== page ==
At the back of the hill

Warning: If you stay here long enough you will gain weight! Grazing here strongly suggests that you are either omnivorous, or a glutton. And you might like cheese-doodles.
BTW: I'm presently searching for another person who likes cheese-doodles.
Please form a caseophilic line to the right. Thank you.

Friday, September 20, 2013


People all have certain memories that spell home, often related to food and physical comfort. For my father, as an example, a long soak in the tub with a tea tray alongside was an essential weekend ritual. Walking past the bathroom, I could hear the rustle of paper -- either the local news sheet, or the Saturday Evening Review -- and mingled with the whisps of tobacco smoke there would be lingering hints of Assam and soap. The occasional clink of porcelain. Late afternoon on Saturday or Sunday meant that the old man was "occupied".
Please do not disturb unless the world is ending.
And something can be done about it.
If not, deal with it later.

In consequence of that, you might well think that my mental sense of home involves smelling a middle-aged man immersed in water, with tea and a pack of smokes. Well, yes......... But I am the only middle-aged man in my life, and I neither smoke nor drink tea in the tub. It's just quiet time. The long moment when the world slows down, the sun crystallizes in the airwell, and dust motes dance.

Twiddling toes in warm soapy water is good for the soul.

My apartment mate does the same, and I now know enough to head somewhere else while she's soaking. Even though we're no longer a couple, haven't been for years, the image of her in warm water is perhaps not what I need to visualize.

At such times I might consider going off to get a bite to eat instead. Thinking of certain foods and smells instead induces peacefulness, and some things just scream home-comfort.
Tea and toast. Cinnamon. Scotch whisky. Marmalade.
Pipe tobacco. Fresh coffee. Coconut cookies.
Soup. Noodles. Hot chicken curry.
Chicken curry noodle soup.


Brown a large chopped onion in oil or bacon fat, add minced ginger and garlic halfway through, and add spices in stages when they have started to colour. First four teaspoons of ground coriander, then one teaspoon each of turmeric and ground cumin. When all this is nice and fragrant, decant to a bowl, and in the remaining oil gently gild large chunks of chicken (bone in), about a pound and a half.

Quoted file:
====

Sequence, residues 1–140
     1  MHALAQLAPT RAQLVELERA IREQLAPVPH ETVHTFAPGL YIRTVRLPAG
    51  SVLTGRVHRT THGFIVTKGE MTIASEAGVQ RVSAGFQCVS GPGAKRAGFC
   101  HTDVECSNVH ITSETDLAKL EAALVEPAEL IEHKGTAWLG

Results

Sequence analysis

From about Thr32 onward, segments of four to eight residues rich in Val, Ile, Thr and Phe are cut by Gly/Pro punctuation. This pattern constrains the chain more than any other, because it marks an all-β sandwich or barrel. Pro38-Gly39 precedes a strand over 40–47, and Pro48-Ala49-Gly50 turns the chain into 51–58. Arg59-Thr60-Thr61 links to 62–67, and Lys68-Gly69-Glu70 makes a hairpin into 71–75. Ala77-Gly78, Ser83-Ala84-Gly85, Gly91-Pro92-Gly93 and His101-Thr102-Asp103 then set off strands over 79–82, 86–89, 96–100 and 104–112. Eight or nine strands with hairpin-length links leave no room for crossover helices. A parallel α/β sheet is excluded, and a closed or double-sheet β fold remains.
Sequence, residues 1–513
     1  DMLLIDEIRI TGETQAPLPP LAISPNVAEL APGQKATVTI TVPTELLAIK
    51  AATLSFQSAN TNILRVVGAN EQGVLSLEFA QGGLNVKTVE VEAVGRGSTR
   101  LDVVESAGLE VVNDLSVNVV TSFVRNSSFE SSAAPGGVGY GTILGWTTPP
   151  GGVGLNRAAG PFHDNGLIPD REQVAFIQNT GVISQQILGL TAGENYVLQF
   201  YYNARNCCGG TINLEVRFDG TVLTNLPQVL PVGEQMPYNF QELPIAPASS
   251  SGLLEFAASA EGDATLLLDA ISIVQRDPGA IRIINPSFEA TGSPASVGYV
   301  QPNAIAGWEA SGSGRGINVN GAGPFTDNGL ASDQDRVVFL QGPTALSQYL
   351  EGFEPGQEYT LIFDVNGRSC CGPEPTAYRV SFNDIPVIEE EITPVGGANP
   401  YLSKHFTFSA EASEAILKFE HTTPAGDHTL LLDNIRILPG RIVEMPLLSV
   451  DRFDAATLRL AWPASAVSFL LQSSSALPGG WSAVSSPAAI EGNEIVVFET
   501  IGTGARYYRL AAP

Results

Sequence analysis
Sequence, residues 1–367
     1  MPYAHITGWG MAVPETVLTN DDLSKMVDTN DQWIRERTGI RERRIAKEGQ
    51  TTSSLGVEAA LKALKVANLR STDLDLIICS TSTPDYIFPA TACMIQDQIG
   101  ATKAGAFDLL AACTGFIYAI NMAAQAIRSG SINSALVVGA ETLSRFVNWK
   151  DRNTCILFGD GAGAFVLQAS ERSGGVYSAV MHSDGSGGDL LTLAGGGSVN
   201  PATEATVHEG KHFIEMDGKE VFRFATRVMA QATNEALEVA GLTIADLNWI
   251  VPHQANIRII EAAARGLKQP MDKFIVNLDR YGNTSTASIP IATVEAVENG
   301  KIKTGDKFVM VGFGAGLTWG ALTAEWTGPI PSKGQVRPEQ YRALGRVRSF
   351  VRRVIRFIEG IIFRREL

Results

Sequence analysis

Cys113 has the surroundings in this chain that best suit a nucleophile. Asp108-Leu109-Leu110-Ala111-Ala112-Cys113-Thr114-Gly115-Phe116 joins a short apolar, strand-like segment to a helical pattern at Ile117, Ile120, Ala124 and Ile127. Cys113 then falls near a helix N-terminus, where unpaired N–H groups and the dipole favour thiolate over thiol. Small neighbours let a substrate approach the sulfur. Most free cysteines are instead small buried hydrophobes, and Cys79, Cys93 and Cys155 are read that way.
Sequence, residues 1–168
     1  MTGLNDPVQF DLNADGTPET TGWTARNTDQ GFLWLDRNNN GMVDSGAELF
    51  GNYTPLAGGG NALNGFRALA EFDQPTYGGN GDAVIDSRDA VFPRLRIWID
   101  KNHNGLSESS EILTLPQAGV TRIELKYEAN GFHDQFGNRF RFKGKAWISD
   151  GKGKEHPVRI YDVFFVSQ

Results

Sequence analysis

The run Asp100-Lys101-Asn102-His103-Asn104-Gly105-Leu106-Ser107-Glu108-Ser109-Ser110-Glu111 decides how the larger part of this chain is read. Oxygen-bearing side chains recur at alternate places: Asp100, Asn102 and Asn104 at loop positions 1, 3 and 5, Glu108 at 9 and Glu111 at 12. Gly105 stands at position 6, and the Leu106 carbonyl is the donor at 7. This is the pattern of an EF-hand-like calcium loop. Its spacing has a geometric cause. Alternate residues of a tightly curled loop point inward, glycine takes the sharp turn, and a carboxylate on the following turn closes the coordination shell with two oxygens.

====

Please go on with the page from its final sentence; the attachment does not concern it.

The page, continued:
When nicely soft golden, add the onion mixture, a hefty tablespoon or two of hot chili paste, some cracked peppercorns, a small piece of cinnamon stick, and, if you have it, a fresh stalk of lemon grass. Plus chicken stock and coconut milk to very generously cover, about two cups each. And a very hefty squeeze of lime or lemon juice.

Simmer on low for less than an hour. Adjust the taste at end with a sprinkle of salt and the merest pinch of sugar. If you used fish-paste and a dash of shrimp sauce, as many South East Asians would, the salt is unnecessary.

Putting cooked potato chunks into the soup at this point is a good idea. Dumping in several whole green chilies at the very beginning of the simmer time is also splendid; they will yield their fragrance but hardly any heat, and they look festive. As does the generous strewing of fresh cilantro mere seconds before turning off the heat.

Apportion the wet curry-soup to individual bowls, leaving plenty of room. Add some chunks of peeled cucumber.

Boil the rice stick noodles as you normally would, merely three minutes or so. When done, rinse under cold to stop the cooking, and dump a clump on top of each serving.

There will be enough for two or three people. If you are alone, use only the amount of curry, cucumber, and cilantro for one person, and put the rest in the refrigerator for tomorrow or the next day.

For a truly degenerate bachelor experience, eat in front of the teevee when Fox News or the Real Housewives are on, muttering "shut up you clods" while slurping. Dump crumbled cashews on top of your noodles, and the chicken bones on an old newspaper.

There is no small naked woman in the bath.
And the world is manifestly not ending.

NOTE: Readers may contact me directly:
All correspondence will be kept in confidence.

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